The Los Angeles Rams began the offseason with a significant amount of salary-cap space, but that money goes fast.
OverTheCap.com currently projects the Rams at nearly $41 million of cap space, 12th-most in the NFL. But that drops to roughly $35 million after accounting for the draft. Then you have to consider the needs that might not be addressed by the draft, most notably replacing a center, adding a run-stuffing nose tackle and a premier edge rusher, and shoring up depth throughout the secondary. Then there's that whole thing about making Aaron Donald the game's highest-paid defensive player.
The Rams have 14 players on track to be unrestricted free agents. Six of them played more than 600 snaps on offense or defense in 2017, and two of them look like prime candidates to be tagged, which would considerably cut into the Rams' budget. The window for teams to tag one of their players -- and thus keep a potential free agent with a one-year, guaranteed contract in line with the game's highest-paid players at the position -- runs from Tuesday to March 6.
Below, we take a closer look at two potential candidates. The non-exclusive franchise tag, which awards a player's original team with two first-round picks if it does not match an outside offer, brings with it the average of the top five salaries at a player's position over the previous five years. A transition tag, which amounts to the average of the top 10 salaries at a player's position in the current year, allows other teams to match and does not include compensation. Projections were provided by OverTheCap.com.
Projected price: $16.23M (franchise), $14.03M (transition)
Reason for: The Rams gave up a 2018 second-round pick -- not to mention a strong cornerback in E.J. Gaines -- to obtain Watkins, which should be reason enough to give him more than one season to fit in. Watkins' numbers weren't gaudy, but he entered camp near the middle of August and never had enough time to build any real rapport with quarterback Jared Goff. "He got on a roll with the guys that he had during OTAs," Watkins said after the season, "and once a guy is used to throwing it to someone else, he throws to his guys." Watkins was referring to Robert Woods and Cooper Kupp, the new receivers who benefited from an entire offseason with Goff. There's no reason to believe Watkins can't benefit from the same. A multiyear extension could be risky because of his history of foot injuries, but the franchise tag could work out for both parties.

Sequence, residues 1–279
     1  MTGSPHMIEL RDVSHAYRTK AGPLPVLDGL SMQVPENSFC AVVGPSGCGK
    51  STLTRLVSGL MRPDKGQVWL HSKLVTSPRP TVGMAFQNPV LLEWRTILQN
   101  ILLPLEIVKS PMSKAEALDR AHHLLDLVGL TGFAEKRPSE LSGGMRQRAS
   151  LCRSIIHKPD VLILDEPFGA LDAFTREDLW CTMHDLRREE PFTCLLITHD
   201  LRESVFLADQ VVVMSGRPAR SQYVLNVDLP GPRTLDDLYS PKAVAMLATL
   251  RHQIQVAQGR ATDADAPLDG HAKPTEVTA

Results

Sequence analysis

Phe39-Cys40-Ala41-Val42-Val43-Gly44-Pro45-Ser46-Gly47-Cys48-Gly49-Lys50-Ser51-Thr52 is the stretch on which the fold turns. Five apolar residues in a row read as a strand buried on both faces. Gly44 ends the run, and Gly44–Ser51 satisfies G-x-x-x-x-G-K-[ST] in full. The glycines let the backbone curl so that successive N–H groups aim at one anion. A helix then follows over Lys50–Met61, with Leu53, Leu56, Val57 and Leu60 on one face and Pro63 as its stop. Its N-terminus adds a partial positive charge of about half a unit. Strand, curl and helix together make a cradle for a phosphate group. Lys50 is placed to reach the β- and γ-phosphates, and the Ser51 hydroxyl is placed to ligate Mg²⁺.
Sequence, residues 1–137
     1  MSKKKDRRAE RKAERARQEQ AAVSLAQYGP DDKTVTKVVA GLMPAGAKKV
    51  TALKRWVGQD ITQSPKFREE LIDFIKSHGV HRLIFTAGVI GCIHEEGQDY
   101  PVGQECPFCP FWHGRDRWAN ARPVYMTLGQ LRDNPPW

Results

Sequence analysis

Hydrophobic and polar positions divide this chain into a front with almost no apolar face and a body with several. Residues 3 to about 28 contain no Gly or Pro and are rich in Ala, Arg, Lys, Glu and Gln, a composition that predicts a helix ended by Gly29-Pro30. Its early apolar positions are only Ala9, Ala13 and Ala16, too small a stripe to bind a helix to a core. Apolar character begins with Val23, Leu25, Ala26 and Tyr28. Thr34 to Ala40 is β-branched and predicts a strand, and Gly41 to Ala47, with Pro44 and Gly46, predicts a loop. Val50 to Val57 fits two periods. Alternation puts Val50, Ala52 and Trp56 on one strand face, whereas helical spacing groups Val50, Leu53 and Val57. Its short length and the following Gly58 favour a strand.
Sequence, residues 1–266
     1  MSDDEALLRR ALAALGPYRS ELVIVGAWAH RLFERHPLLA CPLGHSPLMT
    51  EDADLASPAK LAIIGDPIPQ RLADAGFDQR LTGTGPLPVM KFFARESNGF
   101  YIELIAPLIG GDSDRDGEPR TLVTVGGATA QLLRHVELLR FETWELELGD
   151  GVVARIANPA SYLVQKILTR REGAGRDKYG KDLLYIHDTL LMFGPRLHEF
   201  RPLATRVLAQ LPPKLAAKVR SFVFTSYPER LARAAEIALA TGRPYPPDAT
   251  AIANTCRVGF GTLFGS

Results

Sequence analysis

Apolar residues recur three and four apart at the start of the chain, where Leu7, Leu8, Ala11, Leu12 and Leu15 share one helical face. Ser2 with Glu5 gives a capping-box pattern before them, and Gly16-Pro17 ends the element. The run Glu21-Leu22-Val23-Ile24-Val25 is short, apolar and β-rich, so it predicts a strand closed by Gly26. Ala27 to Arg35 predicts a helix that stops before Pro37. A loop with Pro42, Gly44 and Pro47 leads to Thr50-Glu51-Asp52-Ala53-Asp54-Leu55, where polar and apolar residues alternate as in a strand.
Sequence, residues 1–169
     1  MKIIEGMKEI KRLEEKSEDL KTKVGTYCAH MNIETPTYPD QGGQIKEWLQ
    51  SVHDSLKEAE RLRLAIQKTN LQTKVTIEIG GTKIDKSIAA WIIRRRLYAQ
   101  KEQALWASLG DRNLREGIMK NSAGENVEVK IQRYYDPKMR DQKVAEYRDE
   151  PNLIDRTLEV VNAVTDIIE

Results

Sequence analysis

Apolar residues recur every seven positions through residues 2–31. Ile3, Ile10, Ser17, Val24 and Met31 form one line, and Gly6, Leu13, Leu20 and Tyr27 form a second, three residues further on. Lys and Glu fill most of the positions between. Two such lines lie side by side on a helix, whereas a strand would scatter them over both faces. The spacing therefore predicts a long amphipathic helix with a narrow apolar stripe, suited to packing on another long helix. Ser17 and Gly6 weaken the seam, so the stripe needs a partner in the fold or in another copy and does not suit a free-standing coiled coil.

Reason against: Watkins' downfield presence helped open the middle of the field for Woods and Kupp, but Watkins himself finished with only 39 catches for 593 yards in 15 games. He scored eight touchdowns, but his 70 targets suggest that type of production might not be sustainable. Simply put: Watkins didn't produce enough to warrant a $16 million-plus price tag for the 2018 season, especially with so many needs upcoming on defense. A transition tag, which allows the Rams to match outside offers, would save some money. But the receiver market is dry enough that a team might overpay for Watkins, who has caught 67 of 122 targets for 1,023 yards and 10 touchdowns over the past two seasons. The Rams suddenly are deep at receiver, with Woods (25 years old), Kupp (24), Pharoh Cooper (22), Mike Thomas (23) and a promising vertical threat in Josh Reynolds (23). They can lose Watkins and remain explosive in the passing game.
Projected price: $11.08M (franchise), $9.50M (transition)
Reason for: This might remind some of the Rams' situation last year with cornerback Trumaine Johnson, who was franchised a second time because the team simply could not afford to lose him to the free-agent market at that point in the offseason. The Rams similarly can't afford to lose Joyner. They've lost three key members of their secondary since the end of the 2015 season -- Rodney McLeod, Janoris Jenkins and T.J. McDonald -- and could lose a fourth if Johnson doesn't return. Joyner might be the best of them all. Pro Football Focus made him the third-highest-graded safety in 2017, his first year transitioning away from slot corner. He's small -- listed at 5-foot-8, 190 pounds -- but he hits big and brings great ball skills. A franchise tag makes sense because Joyner is coming off his first year as a full-time defensive player, and one more season in that role would allow the Rams to get a better sense for his fit in the market.
Reason against: Franchising Joyner might mean running the risk of not bringing back Watkins. It also might mean not locking up Joyner long term, and the Rams have appeared willing to do that dating back to last offseason. Joyner's price has risen significantly since then. But in that time, he also fit perfectly into Wade Phillips' system and established himself as the Rams' best defensive player outside of Donald. The highest-paid safeties make somewhere in the neighborhood of $13 million a year, and Joyner has that kind of skill set, small as he might be. In an ideal scenario, the Rams would agree to a long-term deal with Joyner before the start of free agency, on March 14, which would then allow them to use their franchise tag on Watkins if they so choose. But the ideal scenario hardly ever presents itself. And if they don't sense enough willingness from Joyner's side to get something done, they might need to act by burning their franchise tag on him.